“Love that Filter,” 1969. Published in the Washington Post, May 30, 1969. Graphite, India ink, and opaque white drawing over graphite underdrawing. Herbert L. Block Collection, Prints and Photographs Division, Library of Congress (004.17.00)
LC-DIG-hlb-07291 A 1969 Herblock Cartoon, © The Herb Block Foundation

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“NOW, WHERE WAS I?”

Countering a congressman’s words about the need for welfare recipients to have a work ethic, Herblock surrounded him with suitcases representing congressional perks and put a fat pay raise in his pocket. Most new presidential administrations set a quick legislative agenda typically addressed in the State of the Union address, but in 1969, Congress had not passed any legislation prior to leaving on an April recess. Later, the Nixon administration attempted to make reform of the welfare system a priority, but the Senate blocked it.

“Now, Where Was I? Oh, Yes—Why Don’t All the Poor People Get Out and Work,” 1969. Published in the Washington Post, April 11, 1969. Graphite, India ink, and opaque white over graphite underdrawing. Herbert L. Block Collection, Prints and Photographs Division, Library of Congress (005.17.00)
LC-DIG-hlb-07256 A 1969 Herblock Cartoon, © The Herb Block Foundation

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“YOU ONE OF THOSE EXTREMISTS WHO THINKS IT’S TIME FOR DESEGREGATION?”

A strong supporter of civil rights, Herblock had already created one cartoon in 1962 reminding Americans time had passed to comply with the Supreme Court’s Brown v. Board of Education of Topeka decision. Seven years later, he depicted President Nixon as a spokesmen for delaying desegregation. African Americans chafed at the lack of sufficient progress and arrests of students in some school districts for registering to attend white schools. When South Carolina Senator Strom Thurmond had objected to desegregation, the Nixon administration extended the deadline for compliance.

“You One of Those Extremists Who Thinks It’s Time for Desegregation?” 1969. Published in the Washington Post, October 29, 1969. Graphite, India ink, and opaque white over graphite underdrawing. Herbert L. Block Collection, Prints and Photographs Division, Library of Congress (006.17.00)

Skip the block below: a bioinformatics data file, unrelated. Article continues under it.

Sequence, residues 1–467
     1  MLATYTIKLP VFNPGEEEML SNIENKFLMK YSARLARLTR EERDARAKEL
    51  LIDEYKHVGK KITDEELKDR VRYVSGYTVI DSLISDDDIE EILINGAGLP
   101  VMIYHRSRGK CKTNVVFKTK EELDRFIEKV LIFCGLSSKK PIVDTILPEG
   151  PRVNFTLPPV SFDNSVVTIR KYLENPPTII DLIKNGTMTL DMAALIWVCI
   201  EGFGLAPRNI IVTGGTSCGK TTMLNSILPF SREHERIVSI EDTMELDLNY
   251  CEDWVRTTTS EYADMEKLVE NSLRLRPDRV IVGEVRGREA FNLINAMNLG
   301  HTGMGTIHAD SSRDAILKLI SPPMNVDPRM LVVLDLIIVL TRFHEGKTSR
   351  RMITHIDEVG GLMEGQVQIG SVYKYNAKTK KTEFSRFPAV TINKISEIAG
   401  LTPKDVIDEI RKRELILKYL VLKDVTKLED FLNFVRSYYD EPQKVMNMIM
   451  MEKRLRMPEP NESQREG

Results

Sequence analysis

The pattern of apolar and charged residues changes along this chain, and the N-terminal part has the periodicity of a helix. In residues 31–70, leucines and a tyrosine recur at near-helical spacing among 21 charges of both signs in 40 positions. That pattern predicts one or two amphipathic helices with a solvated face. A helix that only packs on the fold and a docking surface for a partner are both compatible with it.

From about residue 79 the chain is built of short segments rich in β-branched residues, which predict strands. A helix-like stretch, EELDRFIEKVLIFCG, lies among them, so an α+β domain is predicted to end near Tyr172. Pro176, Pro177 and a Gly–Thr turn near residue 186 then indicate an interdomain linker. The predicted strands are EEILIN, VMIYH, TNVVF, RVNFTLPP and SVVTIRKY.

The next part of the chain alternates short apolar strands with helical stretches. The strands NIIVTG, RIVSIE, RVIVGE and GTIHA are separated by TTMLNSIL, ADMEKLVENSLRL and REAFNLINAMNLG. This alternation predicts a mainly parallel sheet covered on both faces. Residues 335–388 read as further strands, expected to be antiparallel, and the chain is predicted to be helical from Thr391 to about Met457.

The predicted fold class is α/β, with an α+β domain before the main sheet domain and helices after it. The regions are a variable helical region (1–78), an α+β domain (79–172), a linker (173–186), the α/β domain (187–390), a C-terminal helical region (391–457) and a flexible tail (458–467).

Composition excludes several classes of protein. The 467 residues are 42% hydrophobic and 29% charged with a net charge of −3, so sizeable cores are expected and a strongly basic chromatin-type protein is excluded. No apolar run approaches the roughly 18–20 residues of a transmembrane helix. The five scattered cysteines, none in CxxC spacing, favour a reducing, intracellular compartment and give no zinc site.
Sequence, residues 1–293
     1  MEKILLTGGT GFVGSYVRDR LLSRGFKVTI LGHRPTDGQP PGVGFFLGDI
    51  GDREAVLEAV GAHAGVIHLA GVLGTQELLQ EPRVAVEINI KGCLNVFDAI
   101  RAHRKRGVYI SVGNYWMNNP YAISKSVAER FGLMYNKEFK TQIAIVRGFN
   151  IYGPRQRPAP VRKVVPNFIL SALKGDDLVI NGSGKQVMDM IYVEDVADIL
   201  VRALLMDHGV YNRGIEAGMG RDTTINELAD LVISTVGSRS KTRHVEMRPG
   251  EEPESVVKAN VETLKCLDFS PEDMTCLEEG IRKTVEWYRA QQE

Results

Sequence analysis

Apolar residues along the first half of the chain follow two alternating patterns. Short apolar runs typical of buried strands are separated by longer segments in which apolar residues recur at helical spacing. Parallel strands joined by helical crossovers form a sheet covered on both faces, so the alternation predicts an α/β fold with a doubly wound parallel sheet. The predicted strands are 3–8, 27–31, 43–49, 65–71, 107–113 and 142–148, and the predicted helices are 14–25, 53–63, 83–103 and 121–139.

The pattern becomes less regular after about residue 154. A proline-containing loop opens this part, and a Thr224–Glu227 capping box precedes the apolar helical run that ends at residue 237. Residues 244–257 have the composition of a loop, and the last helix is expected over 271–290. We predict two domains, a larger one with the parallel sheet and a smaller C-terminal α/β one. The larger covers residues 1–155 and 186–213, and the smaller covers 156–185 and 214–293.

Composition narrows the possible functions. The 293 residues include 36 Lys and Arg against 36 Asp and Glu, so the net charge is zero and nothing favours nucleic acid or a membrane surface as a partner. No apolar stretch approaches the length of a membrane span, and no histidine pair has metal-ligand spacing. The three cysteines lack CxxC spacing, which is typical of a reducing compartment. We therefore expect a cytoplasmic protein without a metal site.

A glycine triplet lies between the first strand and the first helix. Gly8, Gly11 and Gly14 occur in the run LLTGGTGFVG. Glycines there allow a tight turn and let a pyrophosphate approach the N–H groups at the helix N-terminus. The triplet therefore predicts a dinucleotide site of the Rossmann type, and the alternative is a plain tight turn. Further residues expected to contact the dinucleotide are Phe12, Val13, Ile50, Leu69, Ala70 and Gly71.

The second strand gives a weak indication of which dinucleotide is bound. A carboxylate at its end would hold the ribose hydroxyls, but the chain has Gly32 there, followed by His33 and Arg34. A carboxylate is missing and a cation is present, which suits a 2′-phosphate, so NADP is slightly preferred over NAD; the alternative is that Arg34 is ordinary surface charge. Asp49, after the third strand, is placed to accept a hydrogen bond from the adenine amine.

LC-DIG-ppmsca-17205 A 1969 Herblock Cartoon, © The Herb Block Foundation

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“WE JUST WANT TO TAKE YOUR CLOTHES SO THAT WE CAN WEAVE YOU A WONDERFUL NEW OUTFIT”

When the Nixon administration submitted a proposal that would have weakened the need for oversight to protect African Americans voting in Southern states, he received backlash from northern Republicans and African Americans. Herblock, by showing an African American man being ruthlessly stripped of his clothing, alludes to the brute force used to deprive people of their civil rights. While Herblock names the Republican senator from South Carolina, Strom Thurmond, Herblock makes it clear that the senator was not alone in his desire to undo civil rights legislation.

“We Just Want to Take Your Clothes so that We Can Weave You a Wonderful New Outfit,” 1969. Published in the Washington Post, July 8, 1969. Graphite, India ink, and opaque white with paste-on over graphite underdrawing. Herbert L. Block Collection, Prints and Photographs Division, Library of Congress (007.17.00)
LC-DIG-hlb-07317 A 1969 Herblock Cartoon, © The Herb Block Foundation

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“NOW, IN PHASE TWO—”

Reacting to African American student activists who push for segregation, despite having only recently won the protections offered by civil rights legislation, Herblock took their demands to what he believed was an illogical extreme. As the black power movement escalated, some African American university students sought programs tailored solely to their interests. Some groups, including the Congress on Racial Equality (CORE) and the Black Panthers, increasingly focused on African American autonomy. More conservative African American leaders urged against their militancy and decried their desire for segregation.

“Now, in Phase Two—,” 1969. Published in the Washington Post, March 7, 1969. Graphite, India ink, opaque white and paste-on over graphite underdrawing. Herbert L. Block Collection, Prints and Photographs Division, Library of Congress (008.17.00)
LC-DIG-hlb-07232 A 1969 Herblock Cartoon, © The Herb Block Foundation

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“YOU’VE DONE SUCH A GOOD JOB, WE’RE TAKING YOU OFF THIS BEAT”